Chimney Cleaning Revisited

Reprinted from Hart & Cooley’s “Tech Talk” May 2006 issue

It probably strikes you that this is an odd time of the year to be hearing about cleaning chimneys. Yet, cleaning a chimney in the spring, at the end of the heating season, is one of the most important elements of properly maintaining a chimney system. We want folks who have installed our chimney to enjoy the value of their investment by having the satisfaction that, with proper care, the chimney will have a long, safe life.

All fuels have some contaminants in them. Some, like coal, contain more than others. Burning trash, workshop scraps, and other burnable matter that cannot be classified as purely a “fuel” can contain very harmful chemicals. These chemicals may end up on the chimney walls as part of the creosote, soot, ash or debris that builds up over time when burning any fuel.

Most people realize that creosote buildup in a chimney needs to be addressed on a regular basis. But, as one’s train of thought frequently goes: “There isn’t enough junk on my chimney wall to be dangerous, so I’ll clean it later.” Just because the condensed material on a chimney flue may not be creosote, which can build up thick enough to start choking off the flow of gases, doesn’t mean it isn’t harmful, if not dangerous. Creosote can be highly flammable and, if ignited, can create a severe chimney fire - that’s dangerous! Soot, on the other hand, is not normally thought of as “dangerous,” nor does it build up layers thick enough to affect the draft. It’s only thought of as annoying, if it is thought about at all. But left alone, soot containing harmful acidic compounds can harm the chimney. Oil and coal fuels contain sulfur. When burned, the sulfur becomes sulfites and sulfates that end up being carried out in the flue gases. If these compounds trapped in the soot are allowed to sit in the chimney for long period of times, say all summer, the moisture in the air will combine with the sulfur compounds to form acids. These acids then begin to eat away at the stainless steel.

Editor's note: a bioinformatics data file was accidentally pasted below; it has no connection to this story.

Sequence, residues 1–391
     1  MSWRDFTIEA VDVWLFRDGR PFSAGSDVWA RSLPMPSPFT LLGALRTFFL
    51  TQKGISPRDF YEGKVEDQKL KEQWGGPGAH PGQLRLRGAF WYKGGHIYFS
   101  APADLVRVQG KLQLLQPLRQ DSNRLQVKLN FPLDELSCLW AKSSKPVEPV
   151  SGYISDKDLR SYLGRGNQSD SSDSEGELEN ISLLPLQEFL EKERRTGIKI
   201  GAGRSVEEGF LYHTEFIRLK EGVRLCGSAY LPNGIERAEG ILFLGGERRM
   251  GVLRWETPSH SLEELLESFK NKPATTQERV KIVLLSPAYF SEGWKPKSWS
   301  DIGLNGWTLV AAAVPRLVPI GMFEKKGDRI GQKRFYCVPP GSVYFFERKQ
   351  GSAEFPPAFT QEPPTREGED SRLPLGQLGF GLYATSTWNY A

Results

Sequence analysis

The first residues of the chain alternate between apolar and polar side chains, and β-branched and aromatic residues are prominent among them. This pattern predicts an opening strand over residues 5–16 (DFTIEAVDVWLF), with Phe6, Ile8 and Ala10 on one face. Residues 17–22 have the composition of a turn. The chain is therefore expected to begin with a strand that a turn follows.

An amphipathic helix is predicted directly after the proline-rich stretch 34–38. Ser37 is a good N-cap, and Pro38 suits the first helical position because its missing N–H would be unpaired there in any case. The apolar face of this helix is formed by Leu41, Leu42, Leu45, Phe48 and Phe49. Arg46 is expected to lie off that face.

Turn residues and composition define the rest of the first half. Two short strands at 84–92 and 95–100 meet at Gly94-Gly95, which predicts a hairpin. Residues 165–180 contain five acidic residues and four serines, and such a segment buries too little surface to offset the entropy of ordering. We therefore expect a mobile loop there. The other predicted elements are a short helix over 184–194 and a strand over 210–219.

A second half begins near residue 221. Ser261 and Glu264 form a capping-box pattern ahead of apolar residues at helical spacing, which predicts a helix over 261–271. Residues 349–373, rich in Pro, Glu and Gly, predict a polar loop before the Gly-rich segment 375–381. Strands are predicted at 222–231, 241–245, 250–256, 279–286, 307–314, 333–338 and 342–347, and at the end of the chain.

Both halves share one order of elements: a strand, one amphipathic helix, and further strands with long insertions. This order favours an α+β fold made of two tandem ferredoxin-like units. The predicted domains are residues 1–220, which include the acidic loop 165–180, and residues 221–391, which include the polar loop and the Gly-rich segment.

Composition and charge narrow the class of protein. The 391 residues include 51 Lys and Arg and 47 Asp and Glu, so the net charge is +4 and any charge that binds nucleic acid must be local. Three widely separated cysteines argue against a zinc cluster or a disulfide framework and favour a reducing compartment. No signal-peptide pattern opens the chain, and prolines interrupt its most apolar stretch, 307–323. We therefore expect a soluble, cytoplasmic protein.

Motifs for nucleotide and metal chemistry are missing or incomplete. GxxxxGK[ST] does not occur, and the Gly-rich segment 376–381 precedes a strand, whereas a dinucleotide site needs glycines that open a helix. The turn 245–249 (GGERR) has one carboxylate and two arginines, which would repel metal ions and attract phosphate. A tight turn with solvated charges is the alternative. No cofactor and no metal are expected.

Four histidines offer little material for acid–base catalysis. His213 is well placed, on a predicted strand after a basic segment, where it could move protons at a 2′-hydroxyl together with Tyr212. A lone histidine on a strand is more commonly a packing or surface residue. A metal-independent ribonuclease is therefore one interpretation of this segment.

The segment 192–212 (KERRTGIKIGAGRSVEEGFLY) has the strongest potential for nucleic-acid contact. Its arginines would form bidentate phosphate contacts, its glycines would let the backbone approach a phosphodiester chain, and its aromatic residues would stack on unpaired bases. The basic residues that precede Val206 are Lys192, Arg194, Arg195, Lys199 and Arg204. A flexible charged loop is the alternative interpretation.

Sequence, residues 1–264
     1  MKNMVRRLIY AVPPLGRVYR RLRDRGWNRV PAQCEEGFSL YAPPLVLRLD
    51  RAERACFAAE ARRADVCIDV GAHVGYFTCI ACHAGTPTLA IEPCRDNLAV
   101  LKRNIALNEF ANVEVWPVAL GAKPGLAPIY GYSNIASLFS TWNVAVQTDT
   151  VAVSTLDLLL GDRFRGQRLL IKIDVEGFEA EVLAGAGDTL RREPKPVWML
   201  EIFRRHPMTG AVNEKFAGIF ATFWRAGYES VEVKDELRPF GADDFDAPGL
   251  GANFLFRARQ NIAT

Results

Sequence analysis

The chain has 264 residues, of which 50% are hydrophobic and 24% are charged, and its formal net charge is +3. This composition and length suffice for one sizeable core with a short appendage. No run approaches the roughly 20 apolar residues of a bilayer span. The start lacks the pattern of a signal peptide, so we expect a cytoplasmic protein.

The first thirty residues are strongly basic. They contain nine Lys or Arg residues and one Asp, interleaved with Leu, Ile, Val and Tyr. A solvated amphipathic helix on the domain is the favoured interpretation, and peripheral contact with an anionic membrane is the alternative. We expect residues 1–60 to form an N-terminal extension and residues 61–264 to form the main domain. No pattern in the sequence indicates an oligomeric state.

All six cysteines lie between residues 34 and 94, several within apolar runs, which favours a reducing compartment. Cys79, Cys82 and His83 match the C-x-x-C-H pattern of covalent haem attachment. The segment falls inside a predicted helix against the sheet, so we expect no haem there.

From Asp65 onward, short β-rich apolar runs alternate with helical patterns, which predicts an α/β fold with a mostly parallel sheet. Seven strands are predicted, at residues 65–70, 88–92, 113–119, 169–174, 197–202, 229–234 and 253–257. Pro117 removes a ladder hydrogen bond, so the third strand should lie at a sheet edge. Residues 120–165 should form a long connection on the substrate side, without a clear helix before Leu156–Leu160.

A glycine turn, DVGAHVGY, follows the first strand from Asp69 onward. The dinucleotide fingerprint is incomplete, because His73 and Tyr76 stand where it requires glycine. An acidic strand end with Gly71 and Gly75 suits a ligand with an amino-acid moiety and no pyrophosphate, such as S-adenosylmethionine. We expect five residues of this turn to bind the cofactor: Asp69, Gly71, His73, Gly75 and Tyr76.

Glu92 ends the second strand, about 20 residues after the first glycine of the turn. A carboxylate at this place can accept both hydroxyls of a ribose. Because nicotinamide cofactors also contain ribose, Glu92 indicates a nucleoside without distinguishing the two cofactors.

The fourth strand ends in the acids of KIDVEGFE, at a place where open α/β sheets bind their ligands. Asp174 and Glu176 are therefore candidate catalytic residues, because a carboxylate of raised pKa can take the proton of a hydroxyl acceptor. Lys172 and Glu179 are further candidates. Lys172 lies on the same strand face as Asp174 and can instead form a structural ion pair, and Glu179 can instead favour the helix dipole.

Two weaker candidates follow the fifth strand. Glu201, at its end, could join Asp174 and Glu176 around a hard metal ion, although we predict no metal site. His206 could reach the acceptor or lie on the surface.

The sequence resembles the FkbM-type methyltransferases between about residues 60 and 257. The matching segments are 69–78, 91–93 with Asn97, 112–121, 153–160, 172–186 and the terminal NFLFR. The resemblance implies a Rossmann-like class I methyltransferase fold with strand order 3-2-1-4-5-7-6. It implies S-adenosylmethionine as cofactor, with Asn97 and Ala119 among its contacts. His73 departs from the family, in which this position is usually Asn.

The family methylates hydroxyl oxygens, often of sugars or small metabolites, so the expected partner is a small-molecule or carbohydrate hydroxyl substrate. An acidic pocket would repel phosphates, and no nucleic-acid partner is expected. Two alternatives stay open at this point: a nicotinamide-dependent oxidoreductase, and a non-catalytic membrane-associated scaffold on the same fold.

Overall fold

We ask that chimneys be cleaned at the end of the heating season to minimize the possibility of harmful residue remaining on the chimney wall during the off season. The sooner the can chimney is cleaned after the last use of the appliance the better. Thoroughly brushing the chimney is usually adequate to mechanically remove any build up of soot or creosote from the interior of the chimney for intermittent cleaning during the heating season. We recommend a final pass down the chimney be made with a brush wrapped in a rag. At the end of the season, spray the rag-wrapped brush with WD-40 for the very last pass down and back up the chimney. This will help remove all residual soot from the surface and leave a protective film on the interior throughout the summer.